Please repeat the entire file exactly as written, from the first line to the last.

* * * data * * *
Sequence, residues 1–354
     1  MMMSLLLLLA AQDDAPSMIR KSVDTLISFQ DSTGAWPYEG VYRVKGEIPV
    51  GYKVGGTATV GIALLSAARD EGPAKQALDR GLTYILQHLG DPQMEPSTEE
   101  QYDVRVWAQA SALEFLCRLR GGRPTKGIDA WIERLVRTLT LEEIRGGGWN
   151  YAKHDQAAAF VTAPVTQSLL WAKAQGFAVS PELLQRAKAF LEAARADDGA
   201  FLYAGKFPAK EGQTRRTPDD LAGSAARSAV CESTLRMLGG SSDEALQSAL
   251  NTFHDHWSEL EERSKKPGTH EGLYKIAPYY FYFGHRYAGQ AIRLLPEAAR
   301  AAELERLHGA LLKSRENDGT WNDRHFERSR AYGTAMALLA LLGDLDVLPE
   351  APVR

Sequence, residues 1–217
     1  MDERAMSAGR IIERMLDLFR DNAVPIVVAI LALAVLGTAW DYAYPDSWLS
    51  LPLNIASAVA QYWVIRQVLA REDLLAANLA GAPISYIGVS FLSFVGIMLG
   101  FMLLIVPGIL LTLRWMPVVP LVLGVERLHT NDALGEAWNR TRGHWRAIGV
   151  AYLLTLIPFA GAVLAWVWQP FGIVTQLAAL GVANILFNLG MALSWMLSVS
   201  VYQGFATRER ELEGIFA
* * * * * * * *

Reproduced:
Sequence, residues 1–354
     1  MMMSLLLLLA AQDDAPSMIR KSVDTLISFQ DSTGAWPYEG VYRVKGEIPV
    51  GYKVGGTATV GIALLSAARD EGPAKQALDR GLTYILQHLG DPQMEPSTEE
   101  QYDVRVWAQA SALEFLCRLR GGRPTKGIDA WIERLVRTLT LEEIRGGGWN
   151  YAKHDQAAAF VTAPVTQSLL WAKAQGFAVS PELLQRAKAF LEAARADDGA
   201  FLYAGKFPAK EGQTRRTPDD LAGSAARSAV CESTLRMLGG SSDEALQSAL
   251  NTFHDHWSEL EERSKKPGTH EGLYKIAPYY FYFGHRYAGQ AIRLLPEAAR
   301  AAELERLHGA LLKSRENDGT WNDRHFERSR AYGTAMALLA LLGDLDVLPE
   351  APVR

Sequence, residues 1–217
     1  MDERAMSAGR IIERMLDLFR DNAVPIVVAI LALAVLGTAW DYAYPDSWLS
    51  LPLNIASAVA QYWVIRQVLA REDLLAANLA GAPISYIGVS FLSFVGIMLG
   101  FMLLIVPGIL LTLRWMPVVP LVLGVERLHT NDALGEAWNR TRGHWRAIGV
   151  AYLLTLIPFA GAVLAWVWQP FGIVTQLAAL GVANILFNLG MALSWMLSVS
   201  VYQGFATRER ELEGIFA